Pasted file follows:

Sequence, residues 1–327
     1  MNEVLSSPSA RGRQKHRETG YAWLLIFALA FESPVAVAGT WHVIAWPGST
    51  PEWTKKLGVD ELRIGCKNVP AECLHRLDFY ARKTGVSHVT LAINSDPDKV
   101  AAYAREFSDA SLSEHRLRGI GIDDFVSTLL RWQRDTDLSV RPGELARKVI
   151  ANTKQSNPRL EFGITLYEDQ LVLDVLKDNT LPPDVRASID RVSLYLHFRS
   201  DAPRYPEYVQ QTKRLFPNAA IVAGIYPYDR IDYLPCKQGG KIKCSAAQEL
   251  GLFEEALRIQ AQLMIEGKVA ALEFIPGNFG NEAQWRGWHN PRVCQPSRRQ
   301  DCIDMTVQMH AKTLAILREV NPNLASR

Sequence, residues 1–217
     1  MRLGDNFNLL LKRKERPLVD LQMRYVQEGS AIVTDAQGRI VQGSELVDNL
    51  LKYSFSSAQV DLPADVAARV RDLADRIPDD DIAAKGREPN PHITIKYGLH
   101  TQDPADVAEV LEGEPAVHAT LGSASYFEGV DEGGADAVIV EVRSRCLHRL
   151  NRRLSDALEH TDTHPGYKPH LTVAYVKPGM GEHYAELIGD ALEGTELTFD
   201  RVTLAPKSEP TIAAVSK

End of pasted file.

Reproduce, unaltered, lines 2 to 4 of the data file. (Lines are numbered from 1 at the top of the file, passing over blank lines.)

     1  MNEVLSSPSA RGRQKHRETG YAWLLIFALA FESPVAVAGT WHVIAWPGST
    51  PEWTKKLGVD ELRIGCKNVP AECLHRLDFY ARKTGVSHVT LAINSDPDKV
   101  AAYAREFSDA SLSEHRLRGI GIDDFVSTLL RWQRDTDLSV RPGELARKVI